Are Anti-Depressants Just Sugar Pills?

By: Bel Marra Health | Brain Function | Saturday, May 05, 2012 - 01:51 AM

health risks of anti-depressantsOne in ten Americans over the age of six take antidepressant medication. This is quite worrisome, given the side-effects and the substantial health risks associated with them. Even more scary is the fact that the Food and Drug Association (FDA) has low standards when it comes to approving the sale of new antidepressant drugs. In fact the guidelines for the approval of antidepressants have not been updated since 1977 and the FDA plays a passive role when it comes to enforcing them, states Paula J. Caplan, Ph.D., of Harvard University and Emily Cohen, B.A. of Yale University.

Worse still, the FDA guidelines allow drug companies to remove patients from their experimental studies, who either become worse or fail to improve on the drug being tested. The justification for this is that no one should be forced to continue taking drugs that are not helping them. Unfortunately, however, this practice allows companies to drop the patients who are not responding as they would like and some of the companies fail to report doing so. This practice can lead to inaccurate study results, results that make the drug appear more effective and less harmful, then it actually is. To make matters worse, some scientists are now saying that antidepressants don’t even work, and that sugar pills yield equally beneficial results, without the negative side-effects and health risks.

Side-Effects and Health Risks of Antidepressants

Treatment with antidepressant drugs can result in a bevy of side-effects, and some of the most common include: insomnia, headaches, anxiety, reduced libido, sexual dysfunction, dizziness, fatigue, dry mouth, muscle and joint pain, muscle spasms, skin rashes, nausea, diarrhea and upset stomach. Some more serious effects associated with antidepressant treatment may include: uterine or stomach bleeding and loss of motor control. In addition, antidepressants put a strain on your liver and can cause permanent liver damage. Finally, treatment with antidepressant drugs increases the risk for suicide in young adults. A statistic which shouldn’t be ignored.

Antidepressants and Sugar Pills – The Placebo Effect

If antidepressants actually contain active ingredients that can relieve depression, the slew of associated health effects might be worthwhile. In a recent interview, titled “Treating Depression” (aired on Feb. 19, 2012), associate director of the Placebo Studies Program at Harvard Medical School, Irving Kirsch, who has been studying placebos for over 36 years, stated that taking a sugar pill would have almost as large of an effect as taking an antidepressant and any difference would be so minute, that it would be clinically insignificant. “People get better when they take the drug. But it’s not the chemical ingredients of the drug that are making them better. It’s largely the placebo effect…The taking of a dummy pill without any medication in it that creates an expectation of healing that is so powerful, symptoms are actually alleviated.” These statements are quite controversial, and the majority of the medical community does not agree with Kirsch, however, it certainly gives us something to think about.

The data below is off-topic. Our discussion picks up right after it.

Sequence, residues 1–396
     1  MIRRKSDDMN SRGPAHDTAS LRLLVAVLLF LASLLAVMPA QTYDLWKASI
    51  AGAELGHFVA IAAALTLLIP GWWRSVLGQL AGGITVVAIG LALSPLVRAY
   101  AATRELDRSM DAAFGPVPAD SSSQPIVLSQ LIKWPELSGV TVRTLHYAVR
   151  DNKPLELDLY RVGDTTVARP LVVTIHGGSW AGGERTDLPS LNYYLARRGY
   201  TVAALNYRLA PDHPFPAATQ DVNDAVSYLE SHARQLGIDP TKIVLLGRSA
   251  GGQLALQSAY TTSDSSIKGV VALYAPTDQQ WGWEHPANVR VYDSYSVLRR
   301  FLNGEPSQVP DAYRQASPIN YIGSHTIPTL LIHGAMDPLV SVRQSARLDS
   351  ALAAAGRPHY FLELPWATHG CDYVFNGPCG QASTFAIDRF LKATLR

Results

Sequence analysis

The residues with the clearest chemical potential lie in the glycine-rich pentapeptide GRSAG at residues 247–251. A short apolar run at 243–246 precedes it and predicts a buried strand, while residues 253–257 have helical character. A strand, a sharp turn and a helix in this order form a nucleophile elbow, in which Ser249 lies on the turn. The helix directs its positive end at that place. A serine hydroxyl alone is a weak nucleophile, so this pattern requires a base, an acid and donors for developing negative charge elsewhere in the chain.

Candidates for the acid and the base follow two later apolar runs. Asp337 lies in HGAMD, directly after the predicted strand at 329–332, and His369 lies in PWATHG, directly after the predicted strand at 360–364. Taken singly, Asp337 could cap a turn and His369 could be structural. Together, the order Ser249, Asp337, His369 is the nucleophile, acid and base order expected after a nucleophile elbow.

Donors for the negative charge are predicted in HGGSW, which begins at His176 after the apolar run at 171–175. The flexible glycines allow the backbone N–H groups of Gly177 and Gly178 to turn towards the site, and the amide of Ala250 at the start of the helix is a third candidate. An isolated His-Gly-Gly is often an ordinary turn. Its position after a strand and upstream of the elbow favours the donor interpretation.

Natural Health Practices for the Treatment of Depression

Depression is a serious disorder and you should not attempt to self-medicate before seeking the council of a healthcare practitioner. That being said, there are some natural health practices that you can follow which may help to alleviate your depression without the need for antidepressants. Exercise, for instance has been found to be equally or more effective then antidepressants, when it comes to the alleviation of depressive symptoms.

Your diet is also important; too much junk food leads to a toxic internal environment, one that is not conducive to mental health. Be sure to eat a whole foods based diet, and to consume plenty of complex carbohydrates because your body needs carbohydrates in order to create the “happy” neurotransmitter—serotonin.

Also, if your depression is seasonal, consider light therapy, and get your vitamin D blood levels tested, because a deficiency in this vitamin can cause depression. Finally, if these natural health practices aren’t powerful enough to relieve your depression, you may also want to consider taking natural supplements, such as omega-3 fatty acids, which are required for healthy brain function.

Related Reading: The answer to depression and anxiety for seniors? Yoga


Popular Stories

Cart Items

Checkout